Migrants turned into political weapons
The migration crisis in Poland, with migrants suffering in desperate conditions in a forest as Christmas approaches, highlights the horror of human trafficking and its use as a weapon of political destabilisation. Concepción Lozano reports.
They arrive herded like sheep and prodded with sticks like animals. Covered with blankets and with only a small amount of food, they board buses organised by the Belarusian regime. They are not from the country, not even from nearby. They come from Afghanistan, Syria or Cameroon. It doesn’t matter. Some of them even arrive in Belarus by plane, via organised mafias who charge them thousands of euros for the ticket in exchange for bringing them closer to the European dream.
It’s a dream that vanishes as soon as they come up against the barbed wire fences along the Polish border. On one side a column of Belarusian soldiers who won’t let them turn back (it’s not an option for them anyway); on the other, Polish soldiers who return them ‘like hot potatoes’ if they try to cross the barbed wire fence which has been set up and reinforced to prevent them from passing through.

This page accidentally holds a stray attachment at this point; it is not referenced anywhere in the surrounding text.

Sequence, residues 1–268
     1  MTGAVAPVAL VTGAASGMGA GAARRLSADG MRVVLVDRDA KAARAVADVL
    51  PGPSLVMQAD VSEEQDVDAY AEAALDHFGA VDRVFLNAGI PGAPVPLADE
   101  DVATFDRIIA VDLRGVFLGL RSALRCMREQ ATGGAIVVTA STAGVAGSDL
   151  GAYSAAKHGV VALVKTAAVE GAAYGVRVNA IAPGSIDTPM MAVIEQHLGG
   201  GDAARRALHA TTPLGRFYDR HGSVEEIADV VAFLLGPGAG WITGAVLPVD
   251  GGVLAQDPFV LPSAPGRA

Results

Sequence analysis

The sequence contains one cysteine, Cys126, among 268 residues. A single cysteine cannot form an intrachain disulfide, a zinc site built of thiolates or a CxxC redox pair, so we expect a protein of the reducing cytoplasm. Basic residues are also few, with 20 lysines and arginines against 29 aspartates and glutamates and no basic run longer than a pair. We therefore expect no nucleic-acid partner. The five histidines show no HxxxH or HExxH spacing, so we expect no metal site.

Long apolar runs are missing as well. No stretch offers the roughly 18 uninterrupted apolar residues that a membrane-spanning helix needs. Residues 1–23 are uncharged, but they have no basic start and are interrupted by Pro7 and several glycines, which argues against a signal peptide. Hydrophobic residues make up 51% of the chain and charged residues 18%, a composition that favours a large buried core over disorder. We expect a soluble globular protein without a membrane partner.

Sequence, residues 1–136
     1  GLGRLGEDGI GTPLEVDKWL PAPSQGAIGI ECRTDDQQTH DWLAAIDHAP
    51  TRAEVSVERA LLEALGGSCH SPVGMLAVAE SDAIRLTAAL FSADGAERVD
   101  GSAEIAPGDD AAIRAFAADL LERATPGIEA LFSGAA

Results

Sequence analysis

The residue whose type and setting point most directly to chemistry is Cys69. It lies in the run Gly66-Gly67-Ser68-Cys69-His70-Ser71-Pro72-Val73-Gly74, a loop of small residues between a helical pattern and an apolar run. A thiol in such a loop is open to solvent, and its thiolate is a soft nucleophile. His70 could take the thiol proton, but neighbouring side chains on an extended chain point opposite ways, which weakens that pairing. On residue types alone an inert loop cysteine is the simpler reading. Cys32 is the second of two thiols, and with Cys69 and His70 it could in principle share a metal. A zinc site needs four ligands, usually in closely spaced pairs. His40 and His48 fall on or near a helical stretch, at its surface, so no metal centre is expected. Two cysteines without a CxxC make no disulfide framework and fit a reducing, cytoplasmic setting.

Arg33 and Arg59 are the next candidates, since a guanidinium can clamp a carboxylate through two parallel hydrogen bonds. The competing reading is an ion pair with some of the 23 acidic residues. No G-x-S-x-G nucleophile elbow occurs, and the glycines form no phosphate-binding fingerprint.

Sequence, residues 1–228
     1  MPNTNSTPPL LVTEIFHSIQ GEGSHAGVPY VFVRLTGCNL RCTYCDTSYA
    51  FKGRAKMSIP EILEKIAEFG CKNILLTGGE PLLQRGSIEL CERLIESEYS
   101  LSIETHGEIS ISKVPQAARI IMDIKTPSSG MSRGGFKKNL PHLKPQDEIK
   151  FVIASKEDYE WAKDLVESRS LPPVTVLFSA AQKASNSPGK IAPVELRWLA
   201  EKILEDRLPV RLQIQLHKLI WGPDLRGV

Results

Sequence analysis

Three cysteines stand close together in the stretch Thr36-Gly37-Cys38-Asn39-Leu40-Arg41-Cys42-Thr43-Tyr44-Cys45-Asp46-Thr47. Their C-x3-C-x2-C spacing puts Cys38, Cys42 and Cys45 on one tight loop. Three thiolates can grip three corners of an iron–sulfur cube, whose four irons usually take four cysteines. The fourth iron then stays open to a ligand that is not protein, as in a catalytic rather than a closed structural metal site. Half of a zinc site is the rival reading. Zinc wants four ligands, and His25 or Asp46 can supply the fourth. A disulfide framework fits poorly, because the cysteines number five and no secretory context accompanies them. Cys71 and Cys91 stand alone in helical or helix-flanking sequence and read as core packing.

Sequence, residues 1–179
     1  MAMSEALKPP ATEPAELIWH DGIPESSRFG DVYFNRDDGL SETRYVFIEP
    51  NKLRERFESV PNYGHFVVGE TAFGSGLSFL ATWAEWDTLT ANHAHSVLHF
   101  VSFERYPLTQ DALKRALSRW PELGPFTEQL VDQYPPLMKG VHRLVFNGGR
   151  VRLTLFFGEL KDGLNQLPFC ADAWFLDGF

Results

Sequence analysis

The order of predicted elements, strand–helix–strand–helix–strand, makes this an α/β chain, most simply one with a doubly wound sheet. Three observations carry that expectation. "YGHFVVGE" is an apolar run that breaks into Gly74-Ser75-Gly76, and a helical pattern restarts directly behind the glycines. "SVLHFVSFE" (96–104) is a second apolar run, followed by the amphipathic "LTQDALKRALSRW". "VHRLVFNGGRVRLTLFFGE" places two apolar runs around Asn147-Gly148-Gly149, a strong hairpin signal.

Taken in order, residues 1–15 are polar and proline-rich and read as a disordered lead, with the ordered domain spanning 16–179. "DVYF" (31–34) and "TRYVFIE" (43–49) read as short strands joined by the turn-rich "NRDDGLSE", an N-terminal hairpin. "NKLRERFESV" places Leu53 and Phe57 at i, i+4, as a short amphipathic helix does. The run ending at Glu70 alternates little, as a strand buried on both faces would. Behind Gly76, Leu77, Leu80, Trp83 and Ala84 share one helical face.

The EU and NATO have called it a ‘hybrid attack’, a term that has not been used in Brussels until now even though the situation is not new. What sets this crisis apart from others is that perhaps the manner of organisation, the objectives and the purpose of destabilising the European continent are clearer and more emphatic than ever. There’s not even an attempt to hide it.
Belarus is acting in retaliation for EU sanctions (economic and political) imposed in response to actions by the dictatorial regime of Alexander Lukashenko. EU authorities have described such actions as a ‘violation of human rights’.
Belarus, backed by Russia with whom it shares objectives and political aims, decided to fight back by sending hordes, not of soldiers, but of destitute migrants desperate to start a new life on the European continent.
To this end, it organises their journey, as if it were a macabre tourist operation, and through specialised agencies it transports them from their countries of origin, far away from the EU, to the Polish border. The EU’s external boundary.